1370.0 - Measures of Australia's Progress, 2010  
ARCHIVED ISSUE Released at 11:30 AM (CANBERRA TIME) 15/09/2010   
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Biodiversity (or biological diversity) is the variety of all life forms on earth - the different plants, animals and micro-organisms, the genes they contain, and the ecosystems they form.

Biodiversity is essential to the wellbeing of Australia and Australians. Native plants, animals and other organisms contribute to a healthy environment through the maintenance of clean air and water, and healthy soils. They also provide significant economic benefits, for example through tourism, agriculture and a range of cultural and recreational services.

Australia's biodiversity is unique and globally significant, with Australia being home to many endemic plants and animals, that is, they are found nowhere else in the world. Australia is recognised as one of only 17 'mega-diverse' countries, with ecosystems of exceptional variety and uniqueness. This group of mega-diverse countries covers less then 10% of the global surface, but supports more than 70% of the earth's biological diversity.

No single indicator can encapsulate all Australian biodiversity, that is, the abundance and diversity of all micro-organisms, plants and animals, the genes they contain and the ecosystems they form. Instead we focus on the number of threatened fauna species as this provides an indication of the threat to biodiversity, and how it has been changing over time.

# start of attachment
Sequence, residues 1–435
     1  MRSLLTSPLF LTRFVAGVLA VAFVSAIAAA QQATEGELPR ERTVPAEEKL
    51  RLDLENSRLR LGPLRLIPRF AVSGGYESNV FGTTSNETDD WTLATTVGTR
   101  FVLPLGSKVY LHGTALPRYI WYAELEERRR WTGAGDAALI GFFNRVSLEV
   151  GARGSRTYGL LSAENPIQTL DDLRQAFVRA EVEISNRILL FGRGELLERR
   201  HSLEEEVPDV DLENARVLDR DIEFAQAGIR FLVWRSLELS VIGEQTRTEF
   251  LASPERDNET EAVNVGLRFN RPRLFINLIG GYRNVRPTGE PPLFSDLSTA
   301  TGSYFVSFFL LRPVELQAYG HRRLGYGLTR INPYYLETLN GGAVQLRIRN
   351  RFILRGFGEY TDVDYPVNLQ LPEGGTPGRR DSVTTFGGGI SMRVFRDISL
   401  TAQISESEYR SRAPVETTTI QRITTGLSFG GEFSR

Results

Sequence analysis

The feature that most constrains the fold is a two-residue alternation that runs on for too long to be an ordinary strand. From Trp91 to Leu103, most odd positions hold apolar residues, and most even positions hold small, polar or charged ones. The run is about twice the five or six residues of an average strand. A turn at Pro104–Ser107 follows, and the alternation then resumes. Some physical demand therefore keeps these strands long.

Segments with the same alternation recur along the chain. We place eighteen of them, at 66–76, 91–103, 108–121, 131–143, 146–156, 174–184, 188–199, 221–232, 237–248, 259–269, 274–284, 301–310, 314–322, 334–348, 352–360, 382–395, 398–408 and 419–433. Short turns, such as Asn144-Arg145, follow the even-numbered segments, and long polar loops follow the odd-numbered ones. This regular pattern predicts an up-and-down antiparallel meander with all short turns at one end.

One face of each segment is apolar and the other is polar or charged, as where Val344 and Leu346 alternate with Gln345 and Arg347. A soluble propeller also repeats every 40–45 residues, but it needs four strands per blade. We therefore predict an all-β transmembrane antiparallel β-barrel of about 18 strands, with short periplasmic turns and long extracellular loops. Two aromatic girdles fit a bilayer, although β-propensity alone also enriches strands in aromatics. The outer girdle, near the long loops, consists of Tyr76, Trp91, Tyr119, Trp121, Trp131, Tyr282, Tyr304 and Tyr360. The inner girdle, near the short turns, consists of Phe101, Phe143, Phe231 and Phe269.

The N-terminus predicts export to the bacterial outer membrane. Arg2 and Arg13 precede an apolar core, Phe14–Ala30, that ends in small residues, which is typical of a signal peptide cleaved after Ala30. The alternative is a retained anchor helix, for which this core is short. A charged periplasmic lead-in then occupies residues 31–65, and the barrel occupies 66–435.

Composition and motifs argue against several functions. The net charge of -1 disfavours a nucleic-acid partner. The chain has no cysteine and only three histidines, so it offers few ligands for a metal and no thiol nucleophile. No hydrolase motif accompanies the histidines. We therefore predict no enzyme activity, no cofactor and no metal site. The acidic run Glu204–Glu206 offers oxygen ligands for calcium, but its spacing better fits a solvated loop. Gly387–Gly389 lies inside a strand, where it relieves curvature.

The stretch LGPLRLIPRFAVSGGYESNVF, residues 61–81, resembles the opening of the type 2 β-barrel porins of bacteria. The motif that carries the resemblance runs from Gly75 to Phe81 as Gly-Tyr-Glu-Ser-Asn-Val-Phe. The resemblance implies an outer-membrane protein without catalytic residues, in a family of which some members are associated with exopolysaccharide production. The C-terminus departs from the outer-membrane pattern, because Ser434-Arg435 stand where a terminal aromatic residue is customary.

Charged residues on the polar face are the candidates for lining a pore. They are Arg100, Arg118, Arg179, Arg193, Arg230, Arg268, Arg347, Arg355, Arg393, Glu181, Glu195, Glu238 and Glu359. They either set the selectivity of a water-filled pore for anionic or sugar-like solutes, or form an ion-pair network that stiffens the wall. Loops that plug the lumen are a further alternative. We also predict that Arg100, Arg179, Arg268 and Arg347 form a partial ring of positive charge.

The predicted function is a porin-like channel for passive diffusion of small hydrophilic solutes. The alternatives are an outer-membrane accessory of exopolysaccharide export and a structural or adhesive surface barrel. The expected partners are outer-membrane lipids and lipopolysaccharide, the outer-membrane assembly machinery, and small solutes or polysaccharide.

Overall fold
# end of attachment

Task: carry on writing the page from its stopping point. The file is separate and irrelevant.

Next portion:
Ongoing research means that our knowledge of, and ability to assess species populations has improved. This means that the Environment Protection and Biodiversity Conservation (EPBC) listing of threatened species is becoming more comprehensive as time goes on. However, it can also mean that increases in the number of species listed as threatened are due to improved information and field investigations, rather than actual changes in overall biodiversity. Nevertheless, species listings are among the best information available to measure progress or regress in our biodiversity.

Threatened fauna species is presented as the headline indicator, as most of the fauna (eg. mammals, birds, reptiles and amphibians) have been relatively well studied and hence there is better data. However, two closely related measures are included as supplementary progress indicators: threatened flora species and threatened ecological communities. A final indicator is also presented to show the areas of Australia that are protected.

For a full list of definitions, please see the Biodiversity glossary.


  • Biodiversity glossary
  • Biodiversity references

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